Lacy et al v. County of Maricopa et al

Filing 323

ORDER denying pla's 311 Motion for New Trial. Signed by Judge G Murray Snow on 10/8/2009.(LAD, )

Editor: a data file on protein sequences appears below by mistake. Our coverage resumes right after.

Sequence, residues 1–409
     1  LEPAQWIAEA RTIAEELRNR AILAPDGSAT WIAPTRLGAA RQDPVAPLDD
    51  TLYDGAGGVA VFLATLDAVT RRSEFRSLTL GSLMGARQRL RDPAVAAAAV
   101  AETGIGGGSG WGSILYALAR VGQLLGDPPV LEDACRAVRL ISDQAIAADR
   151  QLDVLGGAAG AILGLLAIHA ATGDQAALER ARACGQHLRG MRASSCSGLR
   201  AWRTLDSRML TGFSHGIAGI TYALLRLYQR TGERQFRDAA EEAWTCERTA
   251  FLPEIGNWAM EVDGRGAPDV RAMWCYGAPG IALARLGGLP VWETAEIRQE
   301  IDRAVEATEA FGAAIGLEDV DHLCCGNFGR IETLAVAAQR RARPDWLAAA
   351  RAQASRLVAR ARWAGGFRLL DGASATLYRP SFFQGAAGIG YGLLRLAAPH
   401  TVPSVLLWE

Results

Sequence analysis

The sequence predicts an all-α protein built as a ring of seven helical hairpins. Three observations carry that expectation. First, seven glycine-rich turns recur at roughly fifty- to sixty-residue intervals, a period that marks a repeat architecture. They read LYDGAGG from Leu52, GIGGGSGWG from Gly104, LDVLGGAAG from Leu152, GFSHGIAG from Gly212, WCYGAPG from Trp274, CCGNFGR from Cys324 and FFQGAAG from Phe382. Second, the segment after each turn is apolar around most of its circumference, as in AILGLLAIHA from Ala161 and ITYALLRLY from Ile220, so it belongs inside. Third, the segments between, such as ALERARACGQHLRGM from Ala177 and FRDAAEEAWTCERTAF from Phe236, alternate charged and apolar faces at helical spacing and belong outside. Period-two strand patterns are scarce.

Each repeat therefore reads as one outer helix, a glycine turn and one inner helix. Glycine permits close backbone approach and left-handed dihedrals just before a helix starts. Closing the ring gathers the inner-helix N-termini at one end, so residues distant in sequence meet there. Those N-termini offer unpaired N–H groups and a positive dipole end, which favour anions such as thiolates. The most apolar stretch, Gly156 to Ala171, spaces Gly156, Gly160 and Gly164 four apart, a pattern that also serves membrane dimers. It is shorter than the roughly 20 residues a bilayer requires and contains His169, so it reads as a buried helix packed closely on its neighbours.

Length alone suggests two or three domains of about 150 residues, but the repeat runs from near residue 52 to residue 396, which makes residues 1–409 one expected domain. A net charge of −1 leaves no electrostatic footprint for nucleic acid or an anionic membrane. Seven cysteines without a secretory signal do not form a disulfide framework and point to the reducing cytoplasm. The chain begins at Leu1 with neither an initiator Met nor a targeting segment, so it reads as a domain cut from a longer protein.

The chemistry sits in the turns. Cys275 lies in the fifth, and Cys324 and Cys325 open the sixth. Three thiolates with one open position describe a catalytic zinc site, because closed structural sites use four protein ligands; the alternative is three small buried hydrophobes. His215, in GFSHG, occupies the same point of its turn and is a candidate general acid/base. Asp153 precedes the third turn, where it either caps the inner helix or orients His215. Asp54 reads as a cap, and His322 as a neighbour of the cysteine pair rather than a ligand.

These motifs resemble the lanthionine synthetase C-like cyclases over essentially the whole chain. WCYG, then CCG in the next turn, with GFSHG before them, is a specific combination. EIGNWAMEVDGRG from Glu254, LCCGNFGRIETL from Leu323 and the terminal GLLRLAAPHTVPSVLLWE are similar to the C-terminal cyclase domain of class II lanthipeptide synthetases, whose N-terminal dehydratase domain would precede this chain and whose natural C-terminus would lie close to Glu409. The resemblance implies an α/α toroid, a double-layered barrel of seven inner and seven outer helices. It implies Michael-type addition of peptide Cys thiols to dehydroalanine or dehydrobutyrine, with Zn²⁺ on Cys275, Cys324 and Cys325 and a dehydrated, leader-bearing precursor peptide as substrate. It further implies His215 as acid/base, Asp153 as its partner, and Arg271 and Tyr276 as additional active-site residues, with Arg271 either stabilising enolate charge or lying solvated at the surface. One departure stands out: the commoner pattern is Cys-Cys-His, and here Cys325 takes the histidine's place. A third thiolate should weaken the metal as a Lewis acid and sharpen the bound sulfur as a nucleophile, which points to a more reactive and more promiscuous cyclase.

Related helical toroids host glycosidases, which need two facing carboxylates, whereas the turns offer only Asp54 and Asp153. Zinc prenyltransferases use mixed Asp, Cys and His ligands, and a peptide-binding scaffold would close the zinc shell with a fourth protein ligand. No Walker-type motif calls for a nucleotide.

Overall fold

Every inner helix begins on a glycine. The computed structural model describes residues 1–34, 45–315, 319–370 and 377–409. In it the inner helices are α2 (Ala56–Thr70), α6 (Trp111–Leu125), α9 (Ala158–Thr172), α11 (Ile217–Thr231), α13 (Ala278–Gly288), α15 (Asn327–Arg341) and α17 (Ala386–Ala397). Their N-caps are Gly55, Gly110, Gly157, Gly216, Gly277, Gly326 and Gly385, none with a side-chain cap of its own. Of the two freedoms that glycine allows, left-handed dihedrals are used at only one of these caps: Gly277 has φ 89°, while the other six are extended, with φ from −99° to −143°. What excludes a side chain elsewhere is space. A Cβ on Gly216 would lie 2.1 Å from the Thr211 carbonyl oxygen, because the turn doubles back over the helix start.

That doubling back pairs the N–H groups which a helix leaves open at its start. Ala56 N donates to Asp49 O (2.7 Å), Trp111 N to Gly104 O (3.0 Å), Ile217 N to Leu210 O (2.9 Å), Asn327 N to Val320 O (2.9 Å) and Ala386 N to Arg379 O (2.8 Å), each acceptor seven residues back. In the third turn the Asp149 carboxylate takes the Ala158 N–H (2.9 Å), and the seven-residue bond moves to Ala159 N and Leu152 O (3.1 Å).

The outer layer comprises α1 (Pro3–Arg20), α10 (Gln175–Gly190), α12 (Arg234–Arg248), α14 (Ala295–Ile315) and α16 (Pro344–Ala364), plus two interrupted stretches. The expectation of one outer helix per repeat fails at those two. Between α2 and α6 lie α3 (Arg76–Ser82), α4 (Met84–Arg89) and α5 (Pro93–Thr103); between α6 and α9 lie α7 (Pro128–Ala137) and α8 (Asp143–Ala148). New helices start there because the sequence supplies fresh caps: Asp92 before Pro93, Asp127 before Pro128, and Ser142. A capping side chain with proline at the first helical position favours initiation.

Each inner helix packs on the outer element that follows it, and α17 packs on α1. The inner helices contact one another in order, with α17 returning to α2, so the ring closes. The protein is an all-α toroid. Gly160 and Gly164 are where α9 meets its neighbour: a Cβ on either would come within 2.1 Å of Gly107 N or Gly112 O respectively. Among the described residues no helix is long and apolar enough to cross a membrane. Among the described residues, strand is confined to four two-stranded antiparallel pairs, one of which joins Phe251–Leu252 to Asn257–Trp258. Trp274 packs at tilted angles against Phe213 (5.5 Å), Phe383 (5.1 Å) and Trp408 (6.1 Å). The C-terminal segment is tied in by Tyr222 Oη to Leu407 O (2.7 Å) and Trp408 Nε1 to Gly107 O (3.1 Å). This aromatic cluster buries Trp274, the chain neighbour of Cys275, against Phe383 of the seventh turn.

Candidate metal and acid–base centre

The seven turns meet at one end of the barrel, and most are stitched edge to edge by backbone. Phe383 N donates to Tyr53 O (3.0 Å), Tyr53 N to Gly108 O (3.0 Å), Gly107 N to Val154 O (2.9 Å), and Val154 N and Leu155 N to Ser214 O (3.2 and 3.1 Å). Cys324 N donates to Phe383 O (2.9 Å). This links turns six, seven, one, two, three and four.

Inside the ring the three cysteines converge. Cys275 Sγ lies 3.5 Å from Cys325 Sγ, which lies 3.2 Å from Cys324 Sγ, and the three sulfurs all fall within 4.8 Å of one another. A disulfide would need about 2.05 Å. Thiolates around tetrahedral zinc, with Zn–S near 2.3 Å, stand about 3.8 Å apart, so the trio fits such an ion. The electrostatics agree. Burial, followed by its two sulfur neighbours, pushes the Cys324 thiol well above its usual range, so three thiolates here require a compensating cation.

Download PDF